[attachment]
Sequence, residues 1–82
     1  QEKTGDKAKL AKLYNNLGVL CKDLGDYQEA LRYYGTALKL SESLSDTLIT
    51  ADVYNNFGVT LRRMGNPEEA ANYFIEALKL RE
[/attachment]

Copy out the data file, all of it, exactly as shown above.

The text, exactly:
Sequence, residues 1–82
     1  QEKTGDKAKL AKLYNNLGVL CKDLGDYQEA LRYYGTALKL SESLSDTLIT
    51  ADVYNNFGVT LRRMGNPEEA ANYFIEALKL RE